THE LAWS OF SHABBAT
By Rav Yosef Zvi Rimon
Zoreia, Part I
I) The First Melakha
Is one allowed to throw seeds or pits into the yard?
May one put flowers in water?
Is it permitted to wash one’s hand over
plants or dirt? Is one allowed to raise
or move a flowerpot? May one open a
window or blinds next to flowerpots?
What Does Zoreia Encompass?
The first in the listof the thirty-nine melakhot
is zoreia. The Gemara (73b) determines that this
melakha includes not only the action
of sowing (zeria — not to be confused
with zeriya, winnowing) per se, i.e., putting in the ground so that they
will sprout, but also other similar actions: planting (a sapling in the
ground), pruning (cutting off pieces of a plant
so that it will grow better), grafting (attaching a piece of one plant to
another plant so that they will grow together), and sinking (bending a
branch or vine so that it enters the ground and a new shoot grows from it):
We have learnt in a
beraita: “Sowing, pruning, planting, sinking and grafting — they are all one
and the same melakha.”
Logically, it is understandable why sowing, planting, sinking and grafting are
all one melakha, because all of them
cause a new growth to sprout.
However, pruning seems out of place on this list, as one does not bring about
any new growth through this action!
(s.v. Kulan) in fact writes that we must differentiate between the
primary melakha (av, plural: avot) and its subcategories (tolada,
plural: toladot). Sowing,
planting, sinking and grafting are have the status of avot (akin to
cooking and baking), while pruning is a tolada. According to him, pruning is a
tolada of zoreia, because it also
improves the growth of the tree. Any
act which brings about growth is thus included in the category of the
melakha of zoreia, even if it
does not involve the creation of a new plant.
There are additional acts which improve the plant and are considered to be
toladot of zoreia — such as
watering (Rambam 8:2).
Furthermore, acts which prevent damage
to the plant, such as weeding,
are forbidden because of zoreia, as
are other acts which help to improve the produce.
The Acharonim raise some fundamental questions regarding the principles
of the unique melakha of
The discussion is based on the fact that the person who plants does not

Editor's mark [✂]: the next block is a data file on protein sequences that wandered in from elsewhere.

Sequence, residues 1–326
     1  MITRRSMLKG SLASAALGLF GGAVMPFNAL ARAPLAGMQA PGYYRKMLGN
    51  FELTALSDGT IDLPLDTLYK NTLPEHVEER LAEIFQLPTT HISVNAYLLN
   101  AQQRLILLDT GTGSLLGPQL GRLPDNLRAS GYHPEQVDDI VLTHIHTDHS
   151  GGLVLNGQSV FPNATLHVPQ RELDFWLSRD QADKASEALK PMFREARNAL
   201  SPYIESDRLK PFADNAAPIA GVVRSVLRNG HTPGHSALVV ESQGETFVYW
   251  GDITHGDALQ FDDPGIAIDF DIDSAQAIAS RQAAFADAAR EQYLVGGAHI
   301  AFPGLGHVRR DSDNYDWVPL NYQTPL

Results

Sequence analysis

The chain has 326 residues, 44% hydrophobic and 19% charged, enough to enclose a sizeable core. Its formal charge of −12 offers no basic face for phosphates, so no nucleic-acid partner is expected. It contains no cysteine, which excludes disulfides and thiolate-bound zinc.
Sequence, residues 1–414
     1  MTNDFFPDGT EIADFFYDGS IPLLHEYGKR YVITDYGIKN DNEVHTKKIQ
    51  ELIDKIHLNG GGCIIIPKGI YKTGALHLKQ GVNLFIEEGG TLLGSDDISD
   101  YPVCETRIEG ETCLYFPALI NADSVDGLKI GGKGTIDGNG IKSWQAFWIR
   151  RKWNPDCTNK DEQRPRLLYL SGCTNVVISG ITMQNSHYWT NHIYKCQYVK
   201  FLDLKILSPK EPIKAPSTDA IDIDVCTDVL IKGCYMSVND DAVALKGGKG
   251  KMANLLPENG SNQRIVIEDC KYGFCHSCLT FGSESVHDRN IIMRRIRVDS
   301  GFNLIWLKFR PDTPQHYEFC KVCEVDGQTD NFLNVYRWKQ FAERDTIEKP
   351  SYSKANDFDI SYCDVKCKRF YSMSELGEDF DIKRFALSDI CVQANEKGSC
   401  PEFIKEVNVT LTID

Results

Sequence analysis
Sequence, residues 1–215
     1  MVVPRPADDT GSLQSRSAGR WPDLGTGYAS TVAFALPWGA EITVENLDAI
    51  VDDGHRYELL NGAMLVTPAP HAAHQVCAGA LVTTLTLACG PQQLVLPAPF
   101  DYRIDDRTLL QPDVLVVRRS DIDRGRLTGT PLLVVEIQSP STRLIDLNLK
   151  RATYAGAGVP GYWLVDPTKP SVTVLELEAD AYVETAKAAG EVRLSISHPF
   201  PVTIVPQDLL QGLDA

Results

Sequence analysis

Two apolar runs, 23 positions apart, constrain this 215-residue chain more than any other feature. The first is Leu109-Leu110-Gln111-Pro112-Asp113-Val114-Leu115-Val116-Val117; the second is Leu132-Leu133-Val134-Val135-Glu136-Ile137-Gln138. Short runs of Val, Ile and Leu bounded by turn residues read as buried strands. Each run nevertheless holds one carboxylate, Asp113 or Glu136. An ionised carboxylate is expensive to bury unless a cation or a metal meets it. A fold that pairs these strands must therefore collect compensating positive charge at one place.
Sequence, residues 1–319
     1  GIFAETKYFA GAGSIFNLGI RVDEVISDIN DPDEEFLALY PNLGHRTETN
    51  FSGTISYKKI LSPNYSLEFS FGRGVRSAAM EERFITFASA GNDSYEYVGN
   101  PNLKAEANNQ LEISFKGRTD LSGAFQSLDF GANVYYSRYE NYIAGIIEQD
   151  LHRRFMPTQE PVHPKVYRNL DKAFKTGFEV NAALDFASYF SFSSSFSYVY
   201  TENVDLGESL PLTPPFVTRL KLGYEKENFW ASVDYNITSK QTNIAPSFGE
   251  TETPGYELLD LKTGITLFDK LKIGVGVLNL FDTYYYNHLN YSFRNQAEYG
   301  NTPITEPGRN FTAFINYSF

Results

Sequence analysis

create the plant; he simply puts a seed in the ground. The subsequent growth of the plant
will take place without his involvement, and will take place mostly after
Shabbat. Nevertheless, the person who
puts the seed in is liable. This
matter prompts the Acharonim to investigate: what is the law of a person
who sows on Shabbat, but removes the seed from the ground after Shabbat?
What renders one liable: putting the seed
in the ground or its taking root?
We will not elaborate on these questions,
but we will relate to the conceptual significance of the matters.
The Conceptual Significance of the Melakha
The Gemara in Ta’anit (4a) quotes the following statement from Rava: “A
Talmudic scholar is like a seed beneath the ground; once it sprouts, it
sprouts.” In other words, a seed in the
ground, once it has begun to sprout, continually rises higher and higher. This is analogous to Torah study:
once one begins to grasp the concepts, continuous growth is only natural. The seed in the ground is thus
characterized by a minor act on the part of humans, from which God naturally
develops a much greater creation.
despite its seeming insignificance, is considered one of the thirty-nine
melakhot. This teaches us
that sowing is creation! The things which
seem to be small, undeveloped, superficially simple and perhaps not so
impressive are in fact the very focus of creation. Through this, it becomes clear that
we human beings are able to reach far beyond that which is readily apparent in
the natural form. The action of
zoreia is relatively small compared to
the result of the growth which comes from it.
One who knows how to start from the basics, who knows how to sow the
fundamentals of the Torah, the fundamentals of ethics, the fundamentals of
kindness and the fundamentals of love will in the end see growth, will in the
end harvest good and significant produce.
Our role is not to worry; instead, we must believe in
zeria — believe in the powers that God
gives us to sow and to create even things which seem at first glance to be far
beyond our natural powers.
II) Putting Seeds on the Ground or in Water
THROWING SEEDS ON THE GROUND
It is clear that zeria on Shabbat is